There is a dupe: “Administrators are divided into two categories – those who do not backup and those who are already doing.”

My personal statistics survey shows that, for the vCenter Server,  Admin takes 80% risk for being in the second category.

It is not critically important to Backup vCenter. What would happen if vCenter is down and not up?

As a first approximation, nothing.

Because even without vCenter, virtual machines continue to work with Storage service requests.

The network sends data packets.

However, one of the following could be unavailable until vCenter return to the system (even new):

  1. Ceases to collect statistics of performance, one that is available on the tab Performance.
  2. Not going to proceed with the infrastructure – the tab Events.
  3. Stop working alarm.
  4. Drs cluster stop working.
  5. DPM, if so, will cease to work.
  6. vMotion and all other migration will no longer be possible.
  7. Will cease to work integrated with vCenter program: Converter, Update Manager, Data Recovery.
  8. If the switches are distributed, changing their settings will be disabled.
  9. In part, this concerns Cisco Nexus 1000V.
  10. Not be able to quickly find and insert a virtual machine, if it lies on some of the large number of servers.
  11. Will not be able to deploy VM from template

Most likely, we will survive without it, even if we are not able to quickly raise vCenter from scratch.

However, in so doing, we lose:

  1. Performance statistics for upto a year – that’s bad for the analysis and infrastructure planning.
  2. Lost events with the infrastructure – the tab Events.
  3. Lost alarm, we have created manually, and change the existing default (setting warning in the first place).
  4. VApp lost clusters and resource pools drs
  5. Lose the right cluster, drs
  6. Will cease to work integrate with vCenter program: Converter, Update Manager, Data Recovery (you may have to do something else). Some require to reinstall.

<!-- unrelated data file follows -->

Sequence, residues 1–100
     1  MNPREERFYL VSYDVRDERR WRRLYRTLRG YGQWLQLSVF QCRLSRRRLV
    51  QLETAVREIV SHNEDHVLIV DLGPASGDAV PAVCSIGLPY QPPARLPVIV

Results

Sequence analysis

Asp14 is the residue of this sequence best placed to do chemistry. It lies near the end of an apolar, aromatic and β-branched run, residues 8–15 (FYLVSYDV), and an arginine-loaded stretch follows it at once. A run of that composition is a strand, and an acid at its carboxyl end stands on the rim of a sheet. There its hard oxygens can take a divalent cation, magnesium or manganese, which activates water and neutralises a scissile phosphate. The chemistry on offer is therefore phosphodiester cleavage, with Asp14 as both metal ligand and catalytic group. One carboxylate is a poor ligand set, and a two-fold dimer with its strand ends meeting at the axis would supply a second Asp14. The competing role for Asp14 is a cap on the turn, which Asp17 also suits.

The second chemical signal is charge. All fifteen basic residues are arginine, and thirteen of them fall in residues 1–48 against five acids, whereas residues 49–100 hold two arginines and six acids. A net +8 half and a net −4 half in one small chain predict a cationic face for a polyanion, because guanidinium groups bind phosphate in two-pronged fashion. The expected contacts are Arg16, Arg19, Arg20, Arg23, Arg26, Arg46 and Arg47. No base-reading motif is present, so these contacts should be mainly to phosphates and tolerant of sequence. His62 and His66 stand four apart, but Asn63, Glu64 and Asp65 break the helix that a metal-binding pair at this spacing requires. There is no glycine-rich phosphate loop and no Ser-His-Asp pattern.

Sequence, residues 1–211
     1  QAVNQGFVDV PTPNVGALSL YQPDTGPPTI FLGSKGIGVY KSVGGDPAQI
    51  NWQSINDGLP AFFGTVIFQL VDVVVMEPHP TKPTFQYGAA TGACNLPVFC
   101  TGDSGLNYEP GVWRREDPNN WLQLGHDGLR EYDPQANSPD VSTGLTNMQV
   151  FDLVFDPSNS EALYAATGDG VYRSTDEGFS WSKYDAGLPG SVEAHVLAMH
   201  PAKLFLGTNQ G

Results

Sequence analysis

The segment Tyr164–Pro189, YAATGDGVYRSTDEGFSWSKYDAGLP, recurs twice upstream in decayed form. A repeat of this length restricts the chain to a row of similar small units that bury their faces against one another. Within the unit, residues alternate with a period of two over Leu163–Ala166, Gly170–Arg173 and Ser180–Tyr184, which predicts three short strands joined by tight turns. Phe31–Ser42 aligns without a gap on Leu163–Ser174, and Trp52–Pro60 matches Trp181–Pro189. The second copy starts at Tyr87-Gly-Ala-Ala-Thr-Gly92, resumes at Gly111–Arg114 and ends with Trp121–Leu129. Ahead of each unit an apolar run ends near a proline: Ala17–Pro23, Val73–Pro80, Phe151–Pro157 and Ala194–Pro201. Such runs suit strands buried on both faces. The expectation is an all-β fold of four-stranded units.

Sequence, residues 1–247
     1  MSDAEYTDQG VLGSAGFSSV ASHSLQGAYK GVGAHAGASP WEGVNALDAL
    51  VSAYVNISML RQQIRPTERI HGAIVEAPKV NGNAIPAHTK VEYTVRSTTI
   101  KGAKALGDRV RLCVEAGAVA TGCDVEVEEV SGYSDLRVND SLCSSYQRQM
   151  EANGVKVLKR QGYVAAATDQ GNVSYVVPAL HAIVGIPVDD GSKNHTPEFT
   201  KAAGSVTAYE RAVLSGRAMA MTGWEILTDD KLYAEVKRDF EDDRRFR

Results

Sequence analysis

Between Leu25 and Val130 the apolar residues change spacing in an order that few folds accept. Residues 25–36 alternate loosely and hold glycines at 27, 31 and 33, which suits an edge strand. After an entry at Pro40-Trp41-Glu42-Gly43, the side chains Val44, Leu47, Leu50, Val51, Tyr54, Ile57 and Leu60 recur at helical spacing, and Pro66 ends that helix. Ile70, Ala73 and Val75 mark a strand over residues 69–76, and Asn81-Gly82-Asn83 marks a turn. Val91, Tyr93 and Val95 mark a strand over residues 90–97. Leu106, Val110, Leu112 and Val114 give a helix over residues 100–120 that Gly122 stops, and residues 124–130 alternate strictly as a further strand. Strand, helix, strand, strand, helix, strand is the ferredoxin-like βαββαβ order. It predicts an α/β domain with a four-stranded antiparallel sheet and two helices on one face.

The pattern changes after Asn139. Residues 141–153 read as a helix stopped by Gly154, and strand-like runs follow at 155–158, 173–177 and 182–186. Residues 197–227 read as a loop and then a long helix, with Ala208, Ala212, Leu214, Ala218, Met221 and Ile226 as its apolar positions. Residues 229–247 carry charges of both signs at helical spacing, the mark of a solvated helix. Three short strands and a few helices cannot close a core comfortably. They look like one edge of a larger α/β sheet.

7. If the switches are distributed, then their configuration will be lost – that is, when a new vCenter will connect to the server, ESXi create a new distributed virtual switch.
  8. In part, this concerns the Cisco Nexus 1000V.
  9. Lost certificates.
  10. If you are installing vCenter we pointed out the use of ports other than the default – we lose these values.

Moral – we’d better Prestressing and implement same database vCenter backup.

The fact is that if the backup was performed by means of the base before(for example, SQL Express with two clicks in Management Studio Express), it now appears in VMware native tool – Data Migration Tool. This command line is a utility for the distribution of vCenter 4.1, although it works with vCenter since version 2.5.

With it you can save:

  • Certificates SSL;
  • Ports;
  • Data licensing;
  • If the database is a SQL Express on the same machine, the backup will be included and the database (for SQL, Oracle and DB2 will still backup the database separately);
  • Configuration (not the patch) Update Manager, if installed on the same machine.

When restoring, a backup of the tool itself should establish vCenter, and its configuration.

The utility is intended primarily for migration from the old to the new version vCenter. This is especially true for those who will be on old vCenter on a 32-bit OS, wanting to upgrade to 4.1 on 64bit OS.

This tool will be useful for backup of vCenter and as well as for SQL Express database.






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